New orders for U.S. manufactured capital goods rose less than expected in June amid weak demand for machinery and a range of other goods, suggesting a prolonged downturn in business spending.
Business investment remains soft despite data ranging from retail sales to housing suggesting that the economy has regained speed after growth almost stalled early in the year.
The Commerce Department said on Wednesday non-defense capital goods orders excluding aircraft, a closely watched proxy for business spending plans, increased 0.2 percent last month after decreasing 0.5 percent in May.
“It suggests that the disappointing performance in business investment activity goes beyond the slackening in capital goods demand in the energy sector, and it underscores the continued sluggishness in this segment of the U.S. economy,” said Millan Mulraine, deputy chief economist at TD Securities in New York.
Federal Reserve officials have flagged feeble business spending as a source of concern and sustained weakness could be one of the factors that could encourage the U.S. central bank to keep interest rates unchanged at the end a two-day meeting later on Wednesday.
Economists polled by Reuters had forecast the so-called core capital goods orders rising 0.3 percent last month.
Prices for U.S. government bonds rose on the data, while the dollar was little changed against a basket of currencies. U.S. stocks were trading higher, boosted by strong financial results from Apple (AAPL.O).
Overall orders for durable goods, items ranging from
toasters to aircraft that are meant to last three years or more,
tumbled 4.0 percent last month, the biggest drop since August 2014, after declining 2.8 percent in May.
SUBDUED BUSINESS INVESTMENT
Business spending has weakened since late 2015, in part as lower oil prices squeezed profits in the energy sector, forcing companies to slash capital spending budgets. Uncertainty over global demand and the upcoming U.S. presidential election are also making companies cautious about spending, economists say.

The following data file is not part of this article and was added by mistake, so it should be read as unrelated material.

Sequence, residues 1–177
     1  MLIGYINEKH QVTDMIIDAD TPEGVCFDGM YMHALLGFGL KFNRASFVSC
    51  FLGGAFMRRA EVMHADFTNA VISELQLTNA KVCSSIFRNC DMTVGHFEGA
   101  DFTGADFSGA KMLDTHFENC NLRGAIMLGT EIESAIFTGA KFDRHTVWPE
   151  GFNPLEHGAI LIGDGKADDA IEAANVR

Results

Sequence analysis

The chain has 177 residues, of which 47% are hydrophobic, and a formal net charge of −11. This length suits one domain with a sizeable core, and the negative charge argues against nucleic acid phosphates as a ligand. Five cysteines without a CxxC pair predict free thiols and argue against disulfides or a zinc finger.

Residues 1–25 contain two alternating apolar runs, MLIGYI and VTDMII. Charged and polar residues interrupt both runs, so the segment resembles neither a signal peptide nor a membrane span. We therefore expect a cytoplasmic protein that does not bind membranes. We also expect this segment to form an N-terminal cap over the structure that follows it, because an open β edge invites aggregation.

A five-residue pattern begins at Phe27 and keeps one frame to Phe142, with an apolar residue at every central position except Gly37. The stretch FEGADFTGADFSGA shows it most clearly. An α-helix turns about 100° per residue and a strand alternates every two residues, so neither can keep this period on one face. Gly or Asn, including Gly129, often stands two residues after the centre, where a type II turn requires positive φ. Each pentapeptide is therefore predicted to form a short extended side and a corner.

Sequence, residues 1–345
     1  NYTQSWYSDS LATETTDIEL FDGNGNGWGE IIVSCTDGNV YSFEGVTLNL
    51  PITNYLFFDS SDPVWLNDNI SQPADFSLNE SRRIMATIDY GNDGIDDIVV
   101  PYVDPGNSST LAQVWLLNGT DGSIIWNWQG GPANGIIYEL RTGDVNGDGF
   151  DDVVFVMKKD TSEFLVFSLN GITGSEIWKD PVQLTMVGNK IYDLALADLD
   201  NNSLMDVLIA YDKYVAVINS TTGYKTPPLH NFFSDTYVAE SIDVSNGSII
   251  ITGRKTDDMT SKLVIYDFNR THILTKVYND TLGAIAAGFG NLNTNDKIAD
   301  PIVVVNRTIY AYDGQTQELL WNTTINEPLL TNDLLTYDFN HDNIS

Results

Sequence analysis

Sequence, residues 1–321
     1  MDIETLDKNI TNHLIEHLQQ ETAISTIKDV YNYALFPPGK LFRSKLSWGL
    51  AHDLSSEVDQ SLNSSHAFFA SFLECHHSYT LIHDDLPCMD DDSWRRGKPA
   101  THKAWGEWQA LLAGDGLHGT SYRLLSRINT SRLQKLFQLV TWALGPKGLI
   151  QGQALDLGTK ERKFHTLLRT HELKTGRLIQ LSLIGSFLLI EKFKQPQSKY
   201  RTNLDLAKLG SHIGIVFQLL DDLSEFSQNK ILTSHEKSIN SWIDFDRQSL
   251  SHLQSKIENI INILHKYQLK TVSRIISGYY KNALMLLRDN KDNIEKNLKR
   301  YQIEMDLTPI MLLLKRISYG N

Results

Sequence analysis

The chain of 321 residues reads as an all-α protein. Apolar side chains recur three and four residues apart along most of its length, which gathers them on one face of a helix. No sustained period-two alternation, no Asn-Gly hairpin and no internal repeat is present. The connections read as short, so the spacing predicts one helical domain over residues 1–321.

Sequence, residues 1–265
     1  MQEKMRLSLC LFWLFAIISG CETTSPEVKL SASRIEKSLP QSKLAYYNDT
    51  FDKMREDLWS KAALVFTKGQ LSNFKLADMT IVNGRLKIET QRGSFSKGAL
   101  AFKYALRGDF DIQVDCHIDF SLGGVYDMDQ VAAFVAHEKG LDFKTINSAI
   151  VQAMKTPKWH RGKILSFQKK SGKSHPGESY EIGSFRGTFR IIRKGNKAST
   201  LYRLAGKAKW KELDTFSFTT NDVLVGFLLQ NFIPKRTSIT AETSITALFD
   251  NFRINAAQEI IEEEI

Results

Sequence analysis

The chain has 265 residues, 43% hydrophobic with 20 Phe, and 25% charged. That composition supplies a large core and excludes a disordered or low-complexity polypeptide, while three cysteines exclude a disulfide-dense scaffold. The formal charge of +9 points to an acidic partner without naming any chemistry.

Prospects for a pick-up in business spending are less encouraging against the backdrop of lackluster corporate profits.
“The bad news is not over. Everything conspiring against the durables sector in 2015 will remain working against it for at least the balance of 2016,” said Michael Montgomery, a U.S. economist at IHS Global Insight in Lexington, Massachusetts.
“The hope for 2017 is that the adjustment processes start to wind down and produce less drag and token recovery, but that feels like a vampire drinking your blood slower.”
Shipments of core capital goods, which are used to calculate equipment spending in the government’s gross domestic product measurement, fell 0.4 percent last month after sliding 0.5 percent in May. That suggests business spending probably fell again in the second quarter.
Should spending on equipment drop in the second quarter, that would be the first time since the 2007-09 recession that outlays would have contracted for three straight quarters.
According to a Reuters survey of economists, the government will likely report on Friday that GDP increased at a 2.6 percent annual rate in the second quarter after rising at a 1.1 percent pace in the January-March period.
In June, orders for electrical equipment, appliances and components increased 0.8 percent. But orders for machinery dipped 0.1 percent and primary metals dropped 1.3 percent. Computers and electronic products orders declined 2.2 percent, the biggest fall since April 2015.
Orders for transportation equipment slumped 10.5 percent, the largest drop since August 2014, as bookings for aircraft plunged 58.8 percent. Orders for automobiles rose 2.6 percent.
Pointing to sustained weakness in business spending, unfilled core capital goods orders fell 0.2 percent in June after slipping 0.4 percent in May.
A separate report from the National Association of Realtors showed contracts to purchase previously owned homes rose 0.2 percent in June after declining 3.7 percent in May.